How to Clear Your Lungs of Spray Paint Illustration

Top 15+ Best Ways to Clear the Lungs of Spray Paint (2023)

by | Updated: Sep 22, 2023

Spray paint is a versatile and convenient tool that has revolutionized the world of art, DIY projects, and home renovations.

While its ease of use and vibrant colors make it a popular choice for many, the chemicals in spray paint can pose serious health risks, especially when inhaled into the lungs.

Prolonged exposure or accidental inhalation can lead to respiratory problems, irritation, and in severe cases, even long-term damage.

As a licensed respiratory therapist, I’ve treated many patients who’ve experienced symptoms from inhaling toxic substances, such as spray paint.

In this article, you’ll learn how to clear the lungs of spray paint effectively and safely, as well as precautionary measures that can minimize exposure and protect your respiratory health.

How to Clear Your Lungs of Spray Paint

  1. Use steam therapy
  2. Perform controlled coughing
  3. Use chest percussion
  4. Avoid allergens
  5. Try herbal remedies
  6. Try essential oils
  7. Avoid household toxins
  8. Prevent lung infections
  9. Eat a lung-healthy diet
  10. Clear mucus from your airways
  11. Avoid secondhand smoke
  12. Perform breathing exercises
  13. Avoid artificial scents
  14. Get the essential vitamins for lung health
  15. Stay hydrated

1. Use Steam Therapy

Steam therapy is a natural and effective way to clear the respiratory system. Inhaling warm, moist air can help loosen mucus and trapped spray paint particles in the lungs, making it easier to cough them up.

You can try this method by taking a hot shower, using a facial steamer, or simply pouring hot water into a bowl and inhaling the steam with a towel draped over your head to trap the moisture.


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2. Perform Controlled Coughing

Controlled coughing is a technique that can help clear the lungs more effectively than regular coughing.

To perform controlled coughing, sit in a comfortable upright position, take a deep breath in through your nose, and then exhale slowly through your mouth while making a “ha” sound.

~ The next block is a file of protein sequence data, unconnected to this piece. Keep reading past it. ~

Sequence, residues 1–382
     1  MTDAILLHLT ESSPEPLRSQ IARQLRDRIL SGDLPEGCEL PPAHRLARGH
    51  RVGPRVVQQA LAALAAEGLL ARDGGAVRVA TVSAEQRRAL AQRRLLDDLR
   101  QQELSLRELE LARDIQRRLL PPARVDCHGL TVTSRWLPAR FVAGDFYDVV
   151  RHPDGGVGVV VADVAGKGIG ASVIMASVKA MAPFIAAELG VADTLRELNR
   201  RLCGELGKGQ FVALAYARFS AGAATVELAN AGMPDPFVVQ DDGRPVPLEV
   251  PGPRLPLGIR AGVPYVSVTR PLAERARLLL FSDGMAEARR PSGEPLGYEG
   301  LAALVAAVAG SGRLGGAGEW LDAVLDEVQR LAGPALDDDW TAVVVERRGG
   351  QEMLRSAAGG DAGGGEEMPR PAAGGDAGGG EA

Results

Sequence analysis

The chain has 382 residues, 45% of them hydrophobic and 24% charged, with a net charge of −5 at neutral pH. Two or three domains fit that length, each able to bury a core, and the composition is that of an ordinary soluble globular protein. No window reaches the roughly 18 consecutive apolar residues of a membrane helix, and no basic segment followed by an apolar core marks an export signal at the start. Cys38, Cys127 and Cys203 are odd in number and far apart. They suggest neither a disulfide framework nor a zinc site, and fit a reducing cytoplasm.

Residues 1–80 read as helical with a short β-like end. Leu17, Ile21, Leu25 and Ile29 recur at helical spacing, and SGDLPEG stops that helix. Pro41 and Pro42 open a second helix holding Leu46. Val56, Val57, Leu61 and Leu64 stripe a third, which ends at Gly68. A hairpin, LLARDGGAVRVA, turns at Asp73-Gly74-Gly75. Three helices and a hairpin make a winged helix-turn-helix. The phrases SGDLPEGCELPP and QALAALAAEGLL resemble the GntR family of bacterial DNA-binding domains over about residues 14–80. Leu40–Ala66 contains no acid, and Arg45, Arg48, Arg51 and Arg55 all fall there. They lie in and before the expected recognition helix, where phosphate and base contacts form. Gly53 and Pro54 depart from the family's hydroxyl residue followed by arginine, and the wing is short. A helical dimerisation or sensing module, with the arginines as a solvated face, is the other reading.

This gentle, focused cough can help remove mucus and trapped spray paint particles from your lungs without causing further irritation.

3. Use Chest Percussion

Chest percussion is a method often used by respiratory therapists to help loosen mucus in the lungs. To perform chest percussion, cup your hands and gently tap your chest wall in a rhythmic pattern.

This can help break up mucus and trapped spray paint particles, making it easier to cough them up. Ensure you don’t tap too hard, as this can cause discomfort or injury.

4. Avoid Allergens

While recovering from spray paint exposure, it’s essential to avoid environmental irritants and allergens that can exacerbate respiratory issues.

Common allergens like pollen, pet dander, dust, and tobacco smoke can worsen your symptoms, so make sure to keep your environment clean and free of these irritants as much as possible.

5. Try Herbal Remedies

Several herbs and natural remedies have been used to support lung health and promote the removal of toxins, including spray paint particles.

Some of these remedies include eucalyptus, licorice root, and peppermint. These herbs can be used in the form of teas, essential oils, or as an ingredient in steam therapy.

Note: It’s important to consult with a healthcare professional before using any herbal remedies, especially if you are pregnant, breastfeeding, or taking any medications.

6. Try Essential Oils

Some essential oils have properties that can aid in clearing the lungs and promoting respiratory health.

Oils like eucalyptus, peppermint, and lavender are known for their decongestant, anti-inflammatory, and soothing effects.

You can use essential oils in various ways, such as diffusing them into the air, adding them to a bath, or using them in steam therapy.

However, be sure to follow proper usage guidelines and dilution ratios, as some essential oils can be irritating if used improperly.

7. Avoid Household Toxins

Reducing exposure to common household toxins can help your lungs recover more efficiently.

Limiting the use of chemical cleaning products, synthetic air fresheners, and tobacco smoke can greatly improve your respiratory health.

Opt for natural, eco-friendly alternatives whenever possible, and ensure proper ventilation when using products with strong odors or chemicals.

8. Prevent Lung Infections

Keeping your immune system strong and avoiding lung infections can aid in the recovery process.

Make sure to practice good hygiene by washing your hands regularly, avoiding close contact with sick individuals, and getting recommended vaccinations.